Council Backs Unaffordable Housing Initiative

Town HouseAberdeen City Council today further progressed its plans to build 2430 new homes over the next 5 years. Of the eight sites, identified six are wholly owned by the Council and will form the basis of the Council’s contribution this project by way of land value, with external organisations being asked to bid for the new build housing contract. The initiative is being trumpeted as “affordable” housing, but is it really affordable for people on our Council waiting lists?

The Council aims to deliver across these sites a mix of 20% of homes at social rent (Council or Housing Association rent levels) with the remaining 80% split between Low Cost Home Ownership (where the purchaser pays a percentage of the market value based on their income but never owns outright), Mid Market Rent (set at approximately half way between social rent and private rent) and homes for outright sale.

Liberal Democrat Housing Spokesman Steve Delaney proposed the split be 60% at social rent and 40% between low cost home ownership and Mid Market Rent with no outright sales. He said, “Whilst I agree a split is needed, we need to redress the balance towards social rent. Mid Market Rent and Low Cost Home Ownership are indeed required to address the shortage of housing for key workers who cannot afford a full mortgage or private rent. These include doctors, nurses and teachers amongst other professions where it is becoming harder to attract people to Aberdeen due to inflated house prices”.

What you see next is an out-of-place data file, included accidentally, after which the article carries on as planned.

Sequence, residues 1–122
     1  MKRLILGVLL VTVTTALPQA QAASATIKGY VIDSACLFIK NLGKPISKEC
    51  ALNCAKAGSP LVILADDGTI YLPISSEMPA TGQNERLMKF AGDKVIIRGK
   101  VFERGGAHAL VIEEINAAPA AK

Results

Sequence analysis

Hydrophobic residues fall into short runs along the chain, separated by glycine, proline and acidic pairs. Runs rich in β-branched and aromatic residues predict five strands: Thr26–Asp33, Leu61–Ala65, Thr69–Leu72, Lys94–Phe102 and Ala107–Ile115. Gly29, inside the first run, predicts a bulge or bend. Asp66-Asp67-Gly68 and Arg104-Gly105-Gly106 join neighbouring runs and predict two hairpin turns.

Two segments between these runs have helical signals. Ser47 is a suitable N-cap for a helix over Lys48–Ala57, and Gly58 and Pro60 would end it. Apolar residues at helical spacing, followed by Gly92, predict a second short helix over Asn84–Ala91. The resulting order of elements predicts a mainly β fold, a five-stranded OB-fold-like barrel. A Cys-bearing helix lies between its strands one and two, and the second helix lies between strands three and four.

“However these tenures do nothing to help the thousands of low paid hard working families on our waiting lists, most of whom could not afford the higher rents or the mortgage payments. This proposal does not seek to build homes for those in greatest housing need”.

Steve continued, “The Lib Dem Group are entirely on board for delivering 2430 affordable homes but what was proposed is not affordable to those who need them most. The Council is not just selling off the family silver, but rather giving it away! When public land is earmarked for housing it should be used primarily for the provision of social housing. As for building homes for outright sale at a discounted prices, this is not something the Council should be doing”.

Labour, SNP, Tory and Independent councillors choose not to heed Steve’s concerns and instead to proceed with the proposal as originally presented, throwing away the opportunity to build an extra 1000 properties which would have been affordable for everyone.